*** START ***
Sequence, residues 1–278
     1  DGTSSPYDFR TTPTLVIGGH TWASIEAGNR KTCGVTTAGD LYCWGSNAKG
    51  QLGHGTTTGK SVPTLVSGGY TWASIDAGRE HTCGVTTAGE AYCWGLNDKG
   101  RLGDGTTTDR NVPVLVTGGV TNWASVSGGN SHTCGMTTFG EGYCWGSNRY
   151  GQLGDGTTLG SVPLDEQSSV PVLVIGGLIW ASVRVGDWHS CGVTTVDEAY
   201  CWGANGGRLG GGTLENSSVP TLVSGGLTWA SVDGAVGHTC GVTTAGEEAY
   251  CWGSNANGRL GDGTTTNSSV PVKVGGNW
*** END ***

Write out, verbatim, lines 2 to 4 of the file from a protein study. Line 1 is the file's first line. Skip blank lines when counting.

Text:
     1  DGTSSPYDFR TTPTLVIGGH TWASIEAGNR KTCGVTTAGD LYCWGSNAKG
    51  QLGHGTTTGK SVPTLVSGGY TWASIDAGRE HTCGVTTAGE AYCWGLNDKG
   101  RLGDGTTTDR NVPVLVTGGV TNWASVSGGN SHTCGMTTFG EGYCWGSNRY